Graber Gryass’s second album shows a profound relationship with nature and the earth.
Of all the new grass bands that have popped up over the last few years, Memphis-based Graber Gryass tower over their peers. Michael Graber’s well-rounded musical CV and the jaw-droppingly excellent musicianship of the entire acoustic collective make this new release a joy to listen to.
Graber has worked with the Grifters, 611, Bluff City Backsliders, Professor Elixir’s Southern Troubadours, and, more recently, Zeke’s Three Generation Jug Rascals, among others. His long-running musical experience extends from heavy metal and punk to Western swing and bluegrass. He chose last year to release his first album of original material as Graber Gryass, ‘Late Bloom.’ On ‘Spaceman’s Wonderbox’ he stretches beyond truly traditional Smoky Mountain/Blue Ridge bluegrass into more experimental but still recognisable territory. The subject matter is still old-school, with the triad of broken hearts, alcohol, and flowing rivers, but Graber also poetically delves into warm nights, fireflies, slow dancing, existential crises, cherishing love, and playfulness. The album is, according to Graber, “like a radio that’s been left on a volunteer station you hear really late one Saturday night—that’s the concept.”
These songs plus a dozen more were written during quarantine and recorded over two days at Royal Studios in Memphis under awkward but necessary socially distancing conditions. The opening track ‘Gravity’s String,’ like ‘River Vow’ and ‘Ever Changing Seasons,’ uses natural metaphors to convey strong emotions. It immediately demands attention with the clear vocal harmonies and full-on banjo and fiddle. The deep kinship with natural surroundings and the earth itself that Graber undoubtedly feels is recommended as an antidote to down moods, guaranteeing that some time outside will “cure your despair.” ‘River Vow,’ with its magnificent mandolin lines, lushly portrays desperate, intense love. ‘It Was Always You’ sounds like it could have been on the radio in the 1930’s, with Graber’s daughter Rowan Gratz’s lovely voice capturing longing and tested patience, and a surprising middle section that wanders intriguingly off base before returning home.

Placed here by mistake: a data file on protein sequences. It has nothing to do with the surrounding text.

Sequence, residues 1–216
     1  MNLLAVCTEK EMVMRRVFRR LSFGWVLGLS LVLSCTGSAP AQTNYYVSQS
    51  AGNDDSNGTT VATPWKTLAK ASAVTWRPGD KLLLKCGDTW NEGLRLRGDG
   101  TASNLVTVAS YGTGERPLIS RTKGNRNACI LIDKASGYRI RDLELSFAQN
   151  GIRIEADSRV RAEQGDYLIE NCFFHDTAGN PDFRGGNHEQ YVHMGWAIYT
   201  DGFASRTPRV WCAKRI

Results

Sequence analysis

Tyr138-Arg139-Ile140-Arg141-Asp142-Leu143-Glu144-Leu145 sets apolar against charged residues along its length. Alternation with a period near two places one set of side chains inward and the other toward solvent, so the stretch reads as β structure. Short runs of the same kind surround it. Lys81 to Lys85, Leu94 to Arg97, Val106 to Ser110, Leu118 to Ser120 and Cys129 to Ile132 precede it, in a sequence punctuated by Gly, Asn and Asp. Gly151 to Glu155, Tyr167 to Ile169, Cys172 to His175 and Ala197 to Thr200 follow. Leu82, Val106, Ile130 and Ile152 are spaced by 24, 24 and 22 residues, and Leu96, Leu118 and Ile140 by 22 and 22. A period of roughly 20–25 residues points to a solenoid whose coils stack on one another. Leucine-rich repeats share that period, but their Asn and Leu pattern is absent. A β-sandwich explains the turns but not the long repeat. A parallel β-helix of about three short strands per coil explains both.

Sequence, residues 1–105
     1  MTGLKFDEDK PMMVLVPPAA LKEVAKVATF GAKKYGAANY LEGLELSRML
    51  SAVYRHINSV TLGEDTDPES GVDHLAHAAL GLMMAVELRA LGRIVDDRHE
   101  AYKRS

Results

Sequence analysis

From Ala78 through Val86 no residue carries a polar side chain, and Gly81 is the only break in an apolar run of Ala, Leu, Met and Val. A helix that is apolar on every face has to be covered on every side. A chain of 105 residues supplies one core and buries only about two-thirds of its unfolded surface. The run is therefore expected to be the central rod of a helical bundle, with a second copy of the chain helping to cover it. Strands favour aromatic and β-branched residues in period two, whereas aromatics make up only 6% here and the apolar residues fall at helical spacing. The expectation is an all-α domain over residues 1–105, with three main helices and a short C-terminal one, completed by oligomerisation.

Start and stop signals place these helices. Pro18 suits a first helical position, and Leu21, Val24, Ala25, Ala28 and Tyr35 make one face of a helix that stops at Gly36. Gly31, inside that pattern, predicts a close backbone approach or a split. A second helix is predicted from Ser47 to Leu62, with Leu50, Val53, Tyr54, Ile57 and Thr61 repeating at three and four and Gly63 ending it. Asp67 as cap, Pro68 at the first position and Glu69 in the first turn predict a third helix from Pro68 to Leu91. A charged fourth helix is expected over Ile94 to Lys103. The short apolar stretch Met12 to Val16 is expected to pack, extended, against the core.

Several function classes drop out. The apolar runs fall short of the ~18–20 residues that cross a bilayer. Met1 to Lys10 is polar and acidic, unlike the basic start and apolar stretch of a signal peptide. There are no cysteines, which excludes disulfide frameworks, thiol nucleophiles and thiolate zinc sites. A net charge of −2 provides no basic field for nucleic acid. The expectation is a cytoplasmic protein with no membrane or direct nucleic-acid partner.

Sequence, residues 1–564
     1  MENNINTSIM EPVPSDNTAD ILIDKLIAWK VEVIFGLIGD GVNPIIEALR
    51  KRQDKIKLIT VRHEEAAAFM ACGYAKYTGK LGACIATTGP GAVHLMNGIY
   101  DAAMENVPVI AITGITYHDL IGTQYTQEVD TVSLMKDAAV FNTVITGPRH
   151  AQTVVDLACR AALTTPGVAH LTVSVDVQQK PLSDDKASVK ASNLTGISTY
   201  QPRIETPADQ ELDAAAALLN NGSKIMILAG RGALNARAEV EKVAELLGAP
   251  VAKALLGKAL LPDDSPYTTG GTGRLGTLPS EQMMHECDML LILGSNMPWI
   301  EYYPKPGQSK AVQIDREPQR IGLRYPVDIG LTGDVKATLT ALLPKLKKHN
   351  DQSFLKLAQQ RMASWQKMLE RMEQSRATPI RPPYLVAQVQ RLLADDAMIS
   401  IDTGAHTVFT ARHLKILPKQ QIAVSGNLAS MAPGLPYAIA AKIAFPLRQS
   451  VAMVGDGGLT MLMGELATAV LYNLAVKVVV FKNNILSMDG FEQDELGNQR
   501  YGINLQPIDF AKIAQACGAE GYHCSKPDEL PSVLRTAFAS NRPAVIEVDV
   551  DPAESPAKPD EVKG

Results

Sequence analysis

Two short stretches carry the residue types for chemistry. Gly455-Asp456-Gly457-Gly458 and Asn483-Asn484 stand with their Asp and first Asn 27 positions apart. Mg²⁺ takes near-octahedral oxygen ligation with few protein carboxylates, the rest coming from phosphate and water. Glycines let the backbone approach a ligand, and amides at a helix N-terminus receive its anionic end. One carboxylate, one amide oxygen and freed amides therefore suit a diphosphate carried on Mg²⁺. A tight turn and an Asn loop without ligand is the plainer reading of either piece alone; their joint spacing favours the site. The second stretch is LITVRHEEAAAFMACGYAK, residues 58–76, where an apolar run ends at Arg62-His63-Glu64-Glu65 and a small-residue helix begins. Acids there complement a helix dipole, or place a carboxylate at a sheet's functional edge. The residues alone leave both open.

Alongside the cheerful and lighthearted parts of this collection are more serious, darker, and complicated states of mind. ‘Jump in the River’ is about a despondent man who plans to drown himself. ‘There’s a Buzz in Every Bottle’ is a twist on the usual honky-tonk plot of struggles with an unhappy adulterous relationship, and the mournful, waltzy ‘Drinking Again’ is about getting wasted after losing a lover: “Everything is blurry/except for the pain.” Final track ‘Strawberry Cake’ is a smile-inducing, roguish wink that brings to mind Jennifer Cruise’s novel ‘Bet Me,’ which includes a very sensual scene involving doughnuts.
Whatever travails Graber has endured in his fifty years, ‘Spaceman’s Wonderbox’ proves that, thankfully, he doesn’t take himself too seriously. Rather than tread a safe path with a tested musical style, he is putting his own unique stamp on bluegrass with his many talented friends.